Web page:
Trimester  2023
Unit Code HI6032
Unit Title Leveraging IT for Business Advantage
Assessment Type Individual Assignment
Assessment Title Research Proposal
Purpose of the  assessment (with  ULO Mapping) Students will be expected to write a research proposal on a specific topic in  Information Technology. A student will be required to conduct research in regards to  their assigned topic and present his/her idea or question and expected outcomes with  clarity and definition.  

  1. Critically evaluate how technology can enable an organisation’s core business  processes and support the strategic goals.  
  2. Analyse and comprehend the issues that arise with the acquisition and adoption  of technology and recommend possible solutions.  
  3. Critically evaluate the ways in which information technology can contribute to  organisational innovation, efficiency and overall corporate performance.  4. Critically analyse and evaluate the key issues, challenges and opportunities  associated with the latest developments in Information Systems.
Weight 50% of the total assessments (3 components)
Total Marks 50
Word limit 2500 words
Due Date
  1. Outline of the paper (5%): Week 4 Friday 5pm 
  2. Draft version of the paper (15%): Week 8 Friday 5pm 
  3. Final version of the paper (30%): Week 12 Friday 5pm


  • All work must be submitted on Blackboard by the due date along with a completed Assignment Cover Page.  
  • The assignment must be in MS Word format, 1.5 line spacing, 12-pt Times New  Roman font and 2 cm margins on all four sides of your page with appropriate  section headings.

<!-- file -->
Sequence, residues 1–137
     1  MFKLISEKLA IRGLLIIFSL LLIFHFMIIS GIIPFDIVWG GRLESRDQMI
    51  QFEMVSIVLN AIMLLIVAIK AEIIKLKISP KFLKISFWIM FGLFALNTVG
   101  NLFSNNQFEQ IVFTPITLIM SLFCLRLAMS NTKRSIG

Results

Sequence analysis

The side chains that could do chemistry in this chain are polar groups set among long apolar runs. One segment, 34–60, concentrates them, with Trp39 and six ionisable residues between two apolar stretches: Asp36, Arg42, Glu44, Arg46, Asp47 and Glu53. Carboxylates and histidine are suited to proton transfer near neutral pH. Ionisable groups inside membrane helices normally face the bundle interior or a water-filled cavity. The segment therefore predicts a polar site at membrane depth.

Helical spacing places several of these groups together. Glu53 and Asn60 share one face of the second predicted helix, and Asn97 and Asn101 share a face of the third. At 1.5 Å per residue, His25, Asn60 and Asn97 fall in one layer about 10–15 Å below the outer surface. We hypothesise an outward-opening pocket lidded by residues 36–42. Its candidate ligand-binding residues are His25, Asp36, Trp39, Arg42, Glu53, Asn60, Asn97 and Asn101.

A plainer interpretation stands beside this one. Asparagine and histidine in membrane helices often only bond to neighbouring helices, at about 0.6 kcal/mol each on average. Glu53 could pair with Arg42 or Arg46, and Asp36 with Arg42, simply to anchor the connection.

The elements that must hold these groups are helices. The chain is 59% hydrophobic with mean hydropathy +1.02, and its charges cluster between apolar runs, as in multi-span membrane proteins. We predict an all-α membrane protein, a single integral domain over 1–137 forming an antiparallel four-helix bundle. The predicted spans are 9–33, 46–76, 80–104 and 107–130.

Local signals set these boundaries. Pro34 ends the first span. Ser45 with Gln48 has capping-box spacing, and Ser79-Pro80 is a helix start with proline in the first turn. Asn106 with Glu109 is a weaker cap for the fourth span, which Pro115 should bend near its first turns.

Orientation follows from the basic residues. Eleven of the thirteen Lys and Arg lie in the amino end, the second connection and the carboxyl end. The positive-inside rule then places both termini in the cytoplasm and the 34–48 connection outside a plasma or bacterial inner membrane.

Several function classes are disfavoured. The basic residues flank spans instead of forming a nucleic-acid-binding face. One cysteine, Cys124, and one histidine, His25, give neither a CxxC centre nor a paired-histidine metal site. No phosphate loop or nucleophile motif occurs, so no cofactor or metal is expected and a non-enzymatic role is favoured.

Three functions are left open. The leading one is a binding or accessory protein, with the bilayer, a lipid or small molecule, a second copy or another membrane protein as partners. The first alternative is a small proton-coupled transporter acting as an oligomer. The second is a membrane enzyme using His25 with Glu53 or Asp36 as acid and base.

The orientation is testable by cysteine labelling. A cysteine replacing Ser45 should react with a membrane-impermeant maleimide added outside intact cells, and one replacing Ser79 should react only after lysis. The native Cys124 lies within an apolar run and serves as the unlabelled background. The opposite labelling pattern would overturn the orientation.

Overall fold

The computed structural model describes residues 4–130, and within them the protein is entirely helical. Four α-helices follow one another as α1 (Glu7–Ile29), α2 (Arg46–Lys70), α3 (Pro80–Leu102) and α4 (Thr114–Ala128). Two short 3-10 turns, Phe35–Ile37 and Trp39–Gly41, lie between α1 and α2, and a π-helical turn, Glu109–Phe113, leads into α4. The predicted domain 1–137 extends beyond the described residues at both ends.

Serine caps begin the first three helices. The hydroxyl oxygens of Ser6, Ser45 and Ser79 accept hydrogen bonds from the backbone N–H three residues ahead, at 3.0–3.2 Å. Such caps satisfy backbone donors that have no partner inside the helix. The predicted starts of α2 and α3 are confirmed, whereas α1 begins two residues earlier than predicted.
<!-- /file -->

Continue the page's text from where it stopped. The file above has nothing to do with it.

• Reference sources must be cited in the text of the report, and listed appropriately  at the end in a reference list using Harvard style.

Assignment 1 Research Proposal


This assessment item relates to the unit learning outcomes as in the unit descriptor. This assessment is  designed to improve student learning skills and to give students experience in researching the literature on a  topic relevant to the Unit of Study subject matter, critically analysing current academic papers then presenting  idea or question and expected outcomes with clarity and definition in a referenced written report.  


For this component you will write a research proposal on a particular topic. The topic you select must be  directly relevant to IT in Business. Your topic must include a specific information technology and a specific  business application, e.g., AI For fraud detection.  

All students must have a different topic. Students can choose to write about the same technology, but the  approach and the thrust of each paper must be different. For instance, you could look at cloud computing  from a security viewpoint, or from an environment impact viewpoint, or from the perspective of a manager  trying to reduce their hardware costs. There will be many perspectives to look at each technology and its  relation to Business IT.